Tuimavave to face his old side in clash to raise funds

The clash against his old side was supposed to come last year for the man mountain, but injury got in the way of that happening. Now, with a trial match being played to raise funds for the Greymouth area in light of the NZ mine tragedy, Evarn Tuimavave will get the chance to go against his former team-mates.

It was a ruptured achilles injury that forced him to miss the second half of 2010, meaning that he was unable to go up against his former Warriors team-mates, a game that Evarn was eager to play in, but could not.

Evarn, who is a Warriors junior, was at the Warriors for 7 years from 2002-08, and finished on 99 appearances with the NZ club, and subsequent neck and knee injuries, meant that he had to wait until Rd 19 of 2009 to make his 100th NRL appearance.

After those injuries he sustained ended his career with the Warriors, but once he had recovered, he received a life-line from the Newcastle Knights, who were looking at bolstering their front-row stocks, and the experience of Evarn was something that drew them to him.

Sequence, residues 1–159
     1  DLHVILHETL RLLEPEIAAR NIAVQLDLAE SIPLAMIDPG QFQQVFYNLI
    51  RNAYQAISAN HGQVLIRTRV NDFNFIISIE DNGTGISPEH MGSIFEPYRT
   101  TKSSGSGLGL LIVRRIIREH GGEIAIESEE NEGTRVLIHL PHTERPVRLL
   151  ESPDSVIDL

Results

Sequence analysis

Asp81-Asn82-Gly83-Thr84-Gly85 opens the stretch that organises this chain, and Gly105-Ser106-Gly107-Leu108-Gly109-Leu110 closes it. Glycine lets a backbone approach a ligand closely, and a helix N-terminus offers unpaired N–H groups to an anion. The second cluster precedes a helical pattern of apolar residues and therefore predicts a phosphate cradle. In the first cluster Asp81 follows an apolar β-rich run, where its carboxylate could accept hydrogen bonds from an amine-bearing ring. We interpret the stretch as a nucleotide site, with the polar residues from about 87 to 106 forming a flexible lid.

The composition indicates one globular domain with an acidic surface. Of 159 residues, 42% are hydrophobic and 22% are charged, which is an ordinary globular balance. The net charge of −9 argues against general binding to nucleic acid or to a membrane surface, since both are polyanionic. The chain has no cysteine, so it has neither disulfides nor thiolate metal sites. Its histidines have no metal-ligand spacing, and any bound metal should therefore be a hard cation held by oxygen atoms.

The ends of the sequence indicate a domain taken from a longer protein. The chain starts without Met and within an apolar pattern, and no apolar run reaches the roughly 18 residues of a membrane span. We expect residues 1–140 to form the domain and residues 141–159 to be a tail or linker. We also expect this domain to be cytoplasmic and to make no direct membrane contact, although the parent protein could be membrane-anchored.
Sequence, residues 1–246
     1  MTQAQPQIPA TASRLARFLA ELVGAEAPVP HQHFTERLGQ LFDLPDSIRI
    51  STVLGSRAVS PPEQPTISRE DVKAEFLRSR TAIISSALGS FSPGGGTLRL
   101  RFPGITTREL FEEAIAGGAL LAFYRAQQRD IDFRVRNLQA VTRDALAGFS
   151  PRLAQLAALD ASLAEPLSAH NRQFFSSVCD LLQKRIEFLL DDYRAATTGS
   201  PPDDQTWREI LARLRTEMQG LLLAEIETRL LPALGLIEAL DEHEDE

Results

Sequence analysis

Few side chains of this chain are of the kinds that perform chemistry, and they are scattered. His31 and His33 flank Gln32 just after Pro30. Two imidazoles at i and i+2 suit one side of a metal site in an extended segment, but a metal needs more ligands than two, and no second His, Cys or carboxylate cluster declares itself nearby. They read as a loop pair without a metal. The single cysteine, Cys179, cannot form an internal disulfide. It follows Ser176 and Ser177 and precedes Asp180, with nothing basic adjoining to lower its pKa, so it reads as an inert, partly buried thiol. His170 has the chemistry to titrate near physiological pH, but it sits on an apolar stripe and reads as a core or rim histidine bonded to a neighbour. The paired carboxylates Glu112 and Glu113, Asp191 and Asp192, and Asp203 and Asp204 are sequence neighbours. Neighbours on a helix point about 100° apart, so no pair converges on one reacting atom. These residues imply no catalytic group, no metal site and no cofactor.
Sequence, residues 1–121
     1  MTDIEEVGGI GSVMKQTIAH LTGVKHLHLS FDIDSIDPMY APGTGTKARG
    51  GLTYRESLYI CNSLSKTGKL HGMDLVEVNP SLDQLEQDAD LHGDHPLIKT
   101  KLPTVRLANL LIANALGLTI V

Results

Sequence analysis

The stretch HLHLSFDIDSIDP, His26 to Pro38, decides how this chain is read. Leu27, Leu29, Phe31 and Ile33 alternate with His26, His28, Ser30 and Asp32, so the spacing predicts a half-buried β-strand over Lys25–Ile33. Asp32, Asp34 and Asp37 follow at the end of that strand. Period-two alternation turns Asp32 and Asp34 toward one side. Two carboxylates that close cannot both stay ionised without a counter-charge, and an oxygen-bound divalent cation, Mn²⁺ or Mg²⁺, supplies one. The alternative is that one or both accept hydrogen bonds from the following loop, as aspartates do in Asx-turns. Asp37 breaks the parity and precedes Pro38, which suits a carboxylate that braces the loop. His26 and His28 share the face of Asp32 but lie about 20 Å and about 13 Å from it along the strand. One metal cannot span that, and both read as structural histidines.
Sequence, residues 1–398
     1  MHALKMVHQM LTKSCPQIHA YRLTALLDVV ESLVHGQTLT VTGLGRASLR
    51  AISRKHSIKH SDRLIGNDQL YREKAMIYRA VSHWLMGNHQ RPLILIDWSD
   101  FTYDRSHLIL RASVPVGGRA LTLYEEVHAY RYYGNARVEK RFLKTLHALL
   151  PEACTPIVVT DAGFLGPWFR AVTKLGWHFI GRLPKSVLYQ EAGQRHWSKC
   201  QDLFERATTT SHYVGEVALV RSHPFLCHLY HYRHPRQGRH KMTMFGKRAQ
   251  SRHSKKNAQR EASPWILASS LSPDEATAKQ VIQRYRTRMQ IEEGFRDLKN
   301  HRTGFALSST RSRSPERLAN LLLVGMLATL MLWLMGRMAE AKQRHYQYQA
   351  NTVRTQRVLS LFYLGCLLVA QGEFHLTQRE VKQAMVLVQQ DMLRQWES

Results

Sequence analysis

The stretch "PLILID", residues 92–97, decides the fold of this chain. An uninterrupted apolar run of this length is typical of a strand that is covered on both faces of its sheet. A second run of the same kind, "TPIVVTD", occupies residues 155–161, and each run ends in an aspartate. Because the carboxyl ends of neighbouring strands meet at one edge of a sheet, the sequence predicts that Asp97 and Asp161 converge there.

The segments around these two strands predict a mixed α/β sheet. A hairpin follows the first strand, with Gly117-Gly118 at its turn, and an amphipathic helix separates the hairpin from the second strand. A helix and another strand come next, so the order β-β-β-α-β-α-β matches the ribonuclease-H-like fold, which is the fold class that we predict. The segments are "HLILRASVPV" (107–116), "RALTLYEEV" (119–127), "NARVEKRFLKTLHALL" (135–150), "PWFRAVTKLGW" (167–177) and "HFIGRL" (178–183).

“Once I landed and was ready to take off the guys were already there to tackle me and it (the Achilles) just snapped,” he said.

“I gave it to the dummy-half after my surgery, told him to stop throwing shit balls.”

Whilst Tuimavave did admit that the injury was a streaky one, in that it is the type of injury that is not very common, he was disappointed that he got injured, as he was unable to prove his worth and get his NRL career in Australia off on the right track.

“It was my first year in Australia and I was going pretty good so it was a shock,” he said.

“It was a bit sore to start with but I’m fine now and back in full training,” said Tuimavave.”

The move to Tuimavave is also bittersweet for him, as Newcastle is a big mining town, in light of Nathan Tinkler and his presupposed acquisition of the club, and for Evarn, it feels a bit like home, given the events at the Greymouth mine.

“We come from a mining town so I think it hit a few people close to home just how risky their jobs can be sometimes,” he said.

“If we can put a smile on some faces that that’ll be good.”

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